Dodgers make new offer to Ramirez
GM misses LA's first game in Arizona to meet with agent Boras
MESA, Ariz. -- Dodgers chairman Frank McCourt and general manager Ned Colletti presented a new offer to Manny Ramirez Wednesday, according to baseball sources.
The club would only confirm that McCourt, Colletti, Scott Boras and his associate, Mike Fiore, met at Dodger Stadium.
MLB.com has learned that in the 2 1/2-hour meeting, the Dodgers officials offered Ramirez a variation of their original two-year deal, guaranteeing $45 million for two years ($25 million the first year and $20 million the second).
Boras told the Los Angeles Times that he's "in the middle of negotiations" and would not comment further.
However, the third-year option of $15 million from the first proposal was dropped and, at Boras' request, the second year is a player option so Ramirez could become a free agent again after the 2009 season.
Colletti skipped the Dodgers' first exhibition game of their first full Arizona Spring Training on Wednesday to fly back to California and attend the meeting. On Saturday, Colletti said his communications with Boras had increased "in frequency and duration," which coincided with indications that McCourt's involvement in the talks had escalated.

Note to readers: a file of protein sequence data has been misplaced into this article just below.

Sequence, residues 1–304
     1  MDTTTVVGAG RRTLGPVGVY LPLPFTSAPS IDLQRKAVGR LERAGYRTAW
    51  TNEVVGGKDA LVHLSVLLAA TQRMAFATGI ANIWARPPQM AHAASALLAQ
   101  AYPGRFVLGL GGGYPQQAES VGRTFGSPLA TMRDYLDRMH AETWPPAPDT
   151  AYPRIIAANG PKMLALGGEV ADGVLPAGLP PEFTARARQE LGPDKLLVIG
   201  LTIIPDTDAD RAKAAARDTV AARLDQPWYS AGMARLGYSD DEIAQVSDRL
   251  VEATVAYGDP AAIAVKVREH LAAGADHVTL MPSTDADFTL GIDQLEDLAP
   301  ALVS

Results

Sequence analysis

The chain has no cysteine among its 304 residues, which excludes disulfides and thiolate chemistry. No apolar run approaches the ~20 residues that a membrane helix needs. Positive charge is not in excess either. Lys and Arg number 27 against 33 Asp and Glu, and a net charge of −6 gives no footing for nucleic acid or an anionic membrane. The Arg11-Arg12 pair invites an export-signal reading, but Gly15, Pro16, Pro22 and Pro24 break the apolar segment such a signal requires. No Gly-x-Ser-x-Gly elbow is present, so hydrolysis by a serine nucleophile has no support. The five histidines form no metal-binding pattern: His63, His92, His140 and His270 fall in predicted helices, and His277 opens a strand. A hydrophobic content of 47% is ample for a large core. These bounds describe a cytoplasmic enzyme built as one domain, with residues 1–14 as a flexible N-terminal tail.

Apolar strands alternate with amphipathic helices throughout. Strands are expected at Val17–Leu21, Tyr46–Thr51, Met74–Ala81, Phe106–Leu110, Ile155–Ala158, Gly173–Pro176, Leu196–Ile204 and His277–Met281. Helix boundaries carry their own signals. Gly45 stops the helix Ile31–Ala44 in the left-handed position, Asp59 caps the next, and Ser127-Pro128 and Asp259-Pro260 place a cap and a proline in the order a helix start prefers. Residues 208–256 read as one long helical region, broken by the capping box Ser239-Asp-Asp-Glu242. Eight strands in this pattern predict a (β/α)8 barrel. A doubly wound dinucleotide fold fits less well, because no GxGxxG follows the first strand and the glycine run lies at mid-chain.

Ramirez, 37 in May, originally sought a contract length of six years at a salary in the Alex Rodriguez neighborhood ($27.5 million a year). The Dodgers initially offered two years at $45 million plus a $15 million third-year option. They also offered salary arbitration, then made a one-year offer of $25 million.
There have been no other clubs that have confirmed making an offer to Ramirez, while the Giants have acknowledged lukewarm interest if the Dodgers are out. It has been speculated that Ramirez has softened his demands to three years plus a vesting option, while the Dodgers have been rigid about guaranteeing no more than two years.
Before the Dodgers' game with the Cubs, there were questions about Ramirez for manager Joe Torre to answer, like when he was asked if Ramirez's absence was a distraction as exhibition games began.
"It's not a distraction whatsoever," said Torre. "Spring Training is for individuals to get in shape. It's going to be long and boring for these guys. From my experience with him, I know he's not sitting there doing nothing. I don't see it's an issue. I'm comfortable he'll have enough time to be ready."
Torre recalled that Dick Allen was a frequent Spring Training holdout, and he did fine when the bell rang.
"I guarantee Manny is doing more than Dick did," he said. "In the early '70s, we didn't do things with weights. That was taboo. They do more conditioning now. Jeff Kent hit a home run Opening Day and he didn't play all spring, and I was leaning to starting him on the disabled list, but I left it to him and trusted that."
Ken Gurnick is a reporter for MLB.com. This story was not subject to the approval of Major League Baseball or its clubs.